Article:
Need-to-know nature facts about Rescue Centers most popular guests


Costa Rica is a destination on many people’s bucket list, but that’s more for fun in the sun on a resort – and not experiencing one of the most unique and alive landscapes in the world.
 
For a country that stretches just 51,000 square kilometers it boasts 5 percent of the earth’s biodiversity, ranking among the Top 20 countries in terms of biodiversity with 500,000 difference species of animals calling Costa Rica home.
 
At the Rescue Center, we come face to face with many of those animals. Our facility is dedicated to the protection and health of Costa Rica’s wildlife and rehabilitation of those animals injured physically or mentally. 
 
If the facts above blew your mind, here are some other amazing tidbits of information about our neighbors and the animals you can find at the Rescue Center in Tilaran, Costa Rica:
 

Sloths

 
Sloths are often a punchline when it comes to nature, with their extremely methodical movements and silly expressions. But did you know that while a slot may be slow on land, these guys are expert swimmers. Yep, that’s right. And because they can slow their heart rate down to an incredible pace, sloths can actually hold their breath for as long as 40 minutes underwater.
 
One of the reasons we bring a number of sloths into the Rescue Center is because of their vulnerability in the wild. And, as it turns out, sloths are no more vulnerable than when they’re going to the bathroom. Unlike many animals, sloths poop and pee in the same spot every time and that makes them extremely open to predators but also human threats as well. They don’t have much power in their extremities to fend off foes, so this risky venture to the ground is often the reason they have to pay a visit to our facility. 
 

Sea turtles

 
The current numbers project around 5,000 sea turtles are killed every year simply by fishing and human interference, with a 90 percent reduction in populations over the past 28 years. Costa Rica is one of the most populated areas for a number of sea turtle species and our cooperation with the award-winning turtle conservation programs in the Osa Peninsula is one of our most valued relationships.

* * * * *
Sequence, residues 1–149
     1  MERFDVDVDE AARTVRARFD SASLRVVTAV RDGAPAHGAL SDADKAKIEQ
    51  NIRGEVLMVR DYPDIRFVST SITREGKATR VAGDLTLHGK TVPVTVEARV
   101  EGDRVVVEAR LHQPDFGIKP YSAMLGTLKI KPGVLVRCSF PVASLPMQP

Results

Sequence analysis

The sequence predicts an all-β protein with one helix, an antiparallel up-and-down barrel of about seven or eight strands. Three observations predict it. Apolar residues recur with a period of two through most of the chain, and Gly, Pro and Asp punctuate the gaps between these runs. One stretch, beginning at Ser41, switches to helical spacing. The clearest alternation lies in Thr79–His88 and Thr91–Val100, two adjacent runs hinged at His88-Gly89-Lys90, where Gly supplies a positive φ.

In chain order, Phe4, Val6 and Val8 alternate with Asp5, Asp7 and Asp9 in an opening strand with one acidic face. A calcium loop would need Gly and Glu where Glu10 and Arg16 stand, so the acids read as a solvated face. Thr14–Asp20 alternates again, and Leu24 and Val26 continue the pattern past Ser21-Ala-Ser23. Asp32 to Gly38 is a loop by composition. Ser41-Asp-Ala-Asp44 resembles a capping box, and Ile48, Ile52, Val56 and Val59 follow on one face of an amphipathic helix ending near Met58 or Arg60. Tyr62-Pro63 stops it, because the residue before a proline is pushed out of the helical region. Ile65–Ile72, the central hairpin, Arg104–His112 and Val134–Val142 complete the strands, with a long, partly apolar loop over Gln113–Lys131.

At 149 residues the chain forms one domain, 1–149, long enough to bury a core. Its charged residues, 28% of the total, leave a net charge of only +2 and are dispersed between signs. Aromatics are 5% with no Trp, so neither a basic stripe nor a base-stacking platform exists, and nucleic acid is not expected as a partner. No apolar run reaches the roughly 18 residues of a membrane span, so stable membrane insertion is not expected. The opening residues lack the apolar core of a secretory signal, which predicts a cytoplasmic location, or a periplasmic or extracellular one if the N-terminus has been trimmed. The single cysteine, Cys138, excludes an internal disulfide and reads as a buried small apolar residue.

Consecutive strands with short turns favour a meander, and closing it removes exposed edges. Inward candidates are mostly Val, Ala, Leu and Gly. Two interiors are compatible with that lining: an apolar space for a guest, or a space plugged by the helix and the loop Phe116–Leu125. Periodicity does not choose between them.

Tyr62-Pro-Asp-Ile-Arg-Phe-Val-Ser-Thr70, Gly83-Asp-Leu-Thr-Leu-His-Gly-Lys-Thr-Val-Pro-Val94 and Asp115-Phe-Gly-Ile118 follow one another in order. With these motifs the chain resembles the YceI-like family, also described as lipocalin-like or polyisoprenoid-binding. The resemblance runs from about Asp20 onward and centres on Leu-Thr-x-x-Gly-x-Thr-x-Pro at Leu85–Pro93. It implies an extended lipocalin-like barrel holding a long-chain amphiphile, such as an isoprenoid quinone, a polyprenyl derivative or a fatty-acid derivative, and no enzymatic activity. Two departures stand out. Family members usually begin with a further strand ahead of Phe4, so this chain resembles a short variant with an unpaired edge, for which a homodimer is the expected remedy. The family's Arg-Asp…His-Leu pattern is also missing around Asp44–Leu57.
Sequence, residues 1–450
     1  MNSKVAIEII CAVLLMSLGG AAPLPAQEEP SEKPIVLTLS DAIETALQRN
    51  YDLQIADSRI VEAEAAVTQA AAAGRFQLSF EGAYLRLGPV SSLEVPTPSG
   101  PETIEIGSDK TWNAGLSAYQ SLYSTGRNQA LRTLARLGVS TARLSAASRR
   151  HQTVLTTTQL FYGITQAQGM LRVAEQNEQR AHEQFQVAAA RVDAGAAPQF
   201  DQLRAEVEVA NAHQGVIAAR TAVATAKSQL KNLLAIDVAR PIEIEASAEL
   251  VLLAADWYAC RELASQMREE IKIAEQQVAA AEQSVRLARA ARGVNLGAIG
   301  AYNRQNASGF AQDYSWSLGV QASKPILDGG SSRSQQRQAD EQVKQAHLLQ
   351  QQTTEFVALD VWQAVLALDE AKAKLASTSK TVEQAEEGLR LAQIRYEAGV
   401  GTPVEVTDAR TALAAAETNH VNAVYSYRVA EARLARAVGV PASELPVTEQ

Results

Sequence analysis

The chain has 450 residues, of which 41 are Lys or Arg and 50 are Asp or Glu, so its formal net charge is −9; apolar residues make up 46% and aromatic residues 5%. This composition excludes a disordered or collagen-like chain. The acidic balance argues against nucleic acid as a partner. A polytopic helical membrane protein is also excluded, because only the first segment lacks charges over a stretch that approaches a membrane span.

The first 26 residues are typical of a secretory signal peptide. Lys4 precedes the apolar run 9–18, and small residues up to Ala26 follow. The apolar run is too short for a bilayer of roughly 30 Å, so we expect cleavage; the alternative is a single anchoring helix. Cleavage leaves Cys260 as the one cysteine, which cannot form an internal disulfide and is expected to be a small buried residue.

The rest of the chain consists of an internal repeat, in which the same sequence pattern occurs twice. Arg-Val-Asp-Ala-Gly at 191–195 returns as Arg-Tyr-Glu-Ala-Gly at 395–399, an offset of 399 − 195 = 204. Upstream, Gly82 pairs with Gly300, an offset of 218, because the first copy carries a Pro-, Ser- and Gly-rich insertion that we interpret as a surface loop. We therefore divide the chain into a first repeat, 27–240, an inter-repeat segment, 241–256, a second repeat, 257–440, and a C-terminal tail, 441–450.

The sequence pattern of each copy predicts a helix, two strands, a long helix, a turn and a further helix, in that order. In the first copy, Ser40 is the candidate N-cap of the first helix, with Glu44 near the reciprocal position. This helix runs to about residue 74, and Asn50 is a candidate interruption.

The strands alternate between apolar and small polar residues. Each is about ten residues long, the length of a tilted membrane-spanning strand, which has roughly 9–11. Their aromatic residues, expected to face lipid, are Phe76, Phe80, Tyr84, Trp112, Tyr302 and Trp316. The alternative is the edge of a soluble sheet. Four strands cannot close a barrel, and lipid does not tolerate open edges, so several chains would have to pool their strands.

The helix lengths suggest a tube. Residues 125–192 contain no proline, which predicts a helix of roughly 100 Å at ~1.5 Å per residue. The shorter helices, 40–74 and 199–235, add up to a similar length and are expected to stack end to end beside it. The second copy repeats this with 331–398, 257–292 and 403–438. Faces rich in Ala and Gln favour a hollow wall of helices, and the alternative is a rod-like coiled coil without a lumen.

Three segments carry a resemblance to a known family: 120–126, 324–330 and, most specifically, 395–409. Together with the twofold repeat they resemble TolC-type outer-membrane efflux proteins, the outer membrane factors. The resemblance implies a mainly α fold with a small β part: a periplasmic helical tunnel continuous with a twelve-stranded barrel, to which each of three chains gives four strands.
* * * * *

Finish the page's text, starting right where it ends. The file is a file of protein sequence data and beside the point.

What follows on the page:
Sea turtles have one of the lowest mortality rates in nature – even without human influence plaguing their population. According to scientific records, just two of every 1,000 sea turtle eggs actually reach maturity to a point where those turtles can reproduce. Without the threats of dangerous fishing methods, illegal hunting and the destruction of habitats, sea turtles are expected to live as many as 80 years in the wild.
 

White-Headed Capuchin

 
Thanks to a bevy of appearances in Hollywood movies, these incredible and entertaining little creatures have quickly become the target of many people seeking an exotic luxury pet. The white-headed capuchin is a medium-sized species of monkey that live among the tree-top canopies in Costa Rica’s rain forests. They live in groups – or troops – with as many as 20-25 monkeys and are extremely social, with deep family ties and a sense of community.
 
That’s why when these animals are stolen away by poachers and tourists, they can undergo an incredible amount of phycological stress and harm. White-headed capuchins will often translate that stress into destructive and aggressive behavior, which can not only lead to human harm but also physical harm for these animals. Due to a healthy population, the white-headed capuchin is ranked very low by the International Union for Conservation of Nature in terms of protection, however, that doesn’t matter to us. The Rescue Center specializes in rehabbing these “stolen” animals and eventually getting them back to a place where they can be re-introduced into the society.